Nov. Stirp. Pug. 2: 10. 1830.
Glands usually conspicuous, red-tipped (palmate-leaved plants), sometimes absent or inconspicuous, colorless (subpalmate-leaved plants). Stems ascending to erect, (1.5–) 3–6 (–8) dm. Basal leaves sometimes 2-ranked, palmate to subpalmate, 3–25 (–35) cm; petiole 1–20 (–30) cm, long hairs sparse to abundant, appressed to spreading, 2–3 mm, weak to stiff, short hairs usually absent, crisped hairs absent or sparse, cottony hairs usually absent, glands sparse to abundant; leaflets 5–7, at tip or on distal 1/10 of leaf axis, separate to slightly overlapping, largest ones ± oblanceolate, 1–6 (–9) × 1–4 cm, margins flat, distal 2/3 to nearly whole length evenly incised 1/4–1/2 to midvein, undivided medial blade 6–15 mm wide, teeth 6–12 per side, ± broadly lanceolate, 1–5 mm, surfaces usually strongly dissimilar, abaxial grayish to white, long hairs sparse to common (mostly on veins), short hairs absent, cottony or crisped-cottony hairs abundant to dense, glands usually ± abundant (at least on veins), adaxial green, rarely grayish green, not glaucous, long hairs sparse to common, short, crisped, and cottony hairs usually absent, glands usually sparse to abundant. Cauline leaves 1–3. Inflorescences (4–) 10–50 (–60) -flowered. Pedicels 0.5–3 (–4.5) cm. Flowers: epicalyx bractlets narrowly lanceolate to narrowly elliptic, 3–5 (–6) × 0.8–2 mm, hairs sparse to common, ± appressed to spreading, glands absent or sparse to abundant; hypanthium (3–) 4–6 mm diam.; sepals 4–8 (–9) mm, apex acuminate; petals 6–9 (–11) × 6–13 mm; filaments 1–3.5 mm, anthers 0.8–1.1 mm; carpels 20–40, styles filiform to tapering above papillate-swollen base, (1–) 1.5–2 mm. Achenes 1.1–1.5 (–1.6) mm. 2n = 70, 71, 108.
Phenology: Flowering summer.
Habitat: Dry meadows in grasslands, sagebrush, scrub oak, aspen and conifer woodlands
Elevation: (300–)800–3600 m
Alta., B.C., Man., Ont., Que., Sask., Ariz., Calif., Colo., Conn., Idaho, Mont., Nev., N.Mex., N.Dak., S.Dak., Utah, Wyo.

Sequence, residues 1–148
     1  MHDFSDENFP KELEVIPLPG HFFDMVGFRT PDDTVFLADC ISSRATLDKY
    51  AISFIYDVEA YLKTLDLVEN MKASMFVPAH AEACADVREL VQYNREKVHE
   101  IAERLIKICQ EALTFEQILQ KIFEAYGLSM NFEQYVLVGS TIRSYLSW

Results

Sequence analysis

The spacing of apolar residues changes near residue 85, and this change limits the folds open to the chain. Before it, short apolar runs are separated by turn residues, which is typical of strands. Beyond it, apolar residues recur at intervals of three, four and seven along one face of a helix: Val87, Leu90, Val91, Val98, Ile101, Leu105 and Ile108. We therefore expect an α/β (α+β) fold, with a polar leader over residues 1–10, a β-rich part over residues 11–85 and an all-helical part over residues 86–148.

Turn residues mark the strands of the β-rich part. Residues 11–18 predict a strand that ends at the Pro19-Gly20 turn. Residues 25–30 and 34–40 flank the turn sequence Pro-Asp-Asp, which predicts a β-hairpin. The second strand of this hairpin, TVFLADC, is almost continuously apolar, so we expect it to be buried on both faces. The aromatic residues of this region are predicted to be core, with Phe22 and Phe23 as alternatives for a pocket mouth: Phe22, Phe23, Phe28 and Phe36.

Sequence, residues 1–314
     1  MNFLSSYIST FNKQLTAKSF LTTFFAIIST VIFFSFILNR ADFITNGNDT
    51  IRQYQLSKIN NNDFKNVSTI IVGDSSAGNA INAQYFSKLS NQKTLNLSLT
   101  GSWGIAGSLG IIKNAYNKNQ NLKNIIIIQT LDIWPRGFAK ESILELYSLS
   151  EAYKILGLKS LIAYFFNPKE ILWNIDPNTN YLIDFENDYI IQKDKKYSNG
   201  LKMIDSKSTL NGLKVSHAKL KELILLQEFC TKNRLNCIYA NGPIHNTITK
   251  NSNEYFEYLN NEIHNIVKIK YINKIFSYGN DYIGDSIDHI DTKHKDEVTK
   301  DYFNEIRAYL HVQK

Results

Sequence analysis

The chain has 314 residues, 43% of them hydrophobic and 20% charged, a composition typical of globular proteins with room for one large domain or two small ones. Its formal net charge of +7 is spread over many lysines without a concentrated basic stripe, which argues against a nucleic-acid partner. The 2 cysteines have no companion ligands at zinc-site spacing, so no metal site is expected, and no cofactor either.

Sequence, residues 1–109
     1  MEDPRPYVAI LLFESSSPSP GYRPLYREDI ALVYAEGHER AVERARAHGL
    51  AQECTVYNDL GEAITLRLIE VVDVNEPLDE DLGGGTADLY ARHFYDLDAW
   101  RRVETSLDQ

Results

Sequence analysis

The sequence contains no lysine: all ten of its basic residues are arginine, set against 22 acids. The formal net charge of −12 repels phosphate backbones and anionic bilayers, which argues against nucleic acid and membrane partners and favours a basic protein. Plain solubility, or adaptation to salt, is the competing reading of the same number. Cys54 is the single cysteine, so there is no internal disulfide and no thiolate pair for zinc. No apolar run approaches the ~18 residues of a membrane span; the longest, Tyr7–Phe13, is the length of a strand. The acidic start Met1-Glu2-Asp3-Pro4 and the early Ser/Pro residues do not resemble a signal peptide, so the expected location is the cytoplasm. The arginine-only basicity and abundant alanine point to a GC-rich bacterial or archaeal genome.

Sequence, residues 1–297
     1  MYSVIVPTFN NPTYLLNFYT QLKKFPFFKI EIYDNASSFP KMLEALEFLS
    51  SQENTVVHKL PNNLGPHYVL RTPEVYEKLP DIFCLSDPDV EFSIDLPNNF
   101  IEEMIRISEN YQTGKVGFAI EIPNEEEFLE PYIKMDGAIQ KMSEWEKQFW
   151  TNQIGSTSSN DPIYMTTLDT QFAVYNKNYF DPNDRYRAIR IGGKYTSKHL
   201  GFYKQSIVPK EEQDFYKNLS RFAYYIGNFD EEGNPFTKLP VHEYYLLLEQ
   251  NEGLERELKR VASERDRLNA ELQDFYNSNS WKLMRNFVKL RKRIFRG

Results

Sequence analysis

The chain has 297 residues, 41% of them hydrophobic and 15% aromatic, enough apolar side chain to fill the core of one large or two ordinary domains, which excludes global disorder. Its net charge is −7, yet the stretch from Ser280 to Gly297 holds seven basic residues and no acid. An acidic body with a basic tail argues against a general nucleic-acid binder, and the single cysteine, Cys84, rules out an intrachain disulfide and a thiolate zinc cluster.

Potentilla pulcherrima is here retained provisionally in the broad sense, encompassing intergrades between morphological extremes. The most distinctive extreme has strictly palmate leaves and conspicuous red-tipped glands. Eglandular hairs are relatively sparse and spreading on epicalyx bractlets and abaxial leaflet veins, such that the veins tend to contrast with the cottony white abaxial surface. At the other extreme are plants with subpalmate leaves, no or inconspicuous glands, and densely strigose abaxial leaflet veins. The former is understood to be the core species, towards which the description is accordingly weighted. The latter in turn represents introgression with P. hippiana (sect. Leucophyllae) or other species. The subpalmate extreme includes the lectotype of P. pulcherrima (designated by J. Soják 1996), so if a narrower circumscription of the species is adopted then either P. filipes would become the accepted name of the core species or predominant current usage of P. pulcherrima would have to be conserved by designating a different type.
By whatever circumscription, Potentilla pulcherrima is one of the more common members of sect. Graciles in the Rocky Mountains, extending east into the northern prairies. The species grows mainly in the mountains from southeastern British Columbia and southern Alberta to northern and eastern Arizona and southern New Mexico. The native range extends at least to Manitoba and North Dakota, with outlying populations in the Black Hills of South Dakota. Populations are also scattered in the mountains of eastern Nevada and disjunctly in the White Mountains of California. Adventive occurrences in fields and disturbed sites are reported from as far east as Connecticut; see discussion of P. gracilis for reports from New Hampshire. All known specimens from Minnesota and Oregon have been reidentified as particularly hairy variants of P. gracilis in the broad sense; reports from Washington are suspect.
Potentilla pulcherrima has often been treated as a variety of P. gracilis, sometimes with the filipes extreme included in var. gracilis (B. Boivin 1967–1979). The current decision to treat P. pulcherrima as a species is in part because it has a monsoonal Rocky Mountain rather than a Pacific Northwest center of distribution.
Plants combining the vestiture of Potentilla pulcherrima, including abundant glandularity, with subpalmate leaves approaching P. hippiana (leaflets on about one-fifth of leaf axis) have been named P. gracilis var. hippianoides S. L. Welsh & N. D. Atwood.
"dm" is not declared as a valid unit of measurement for this property.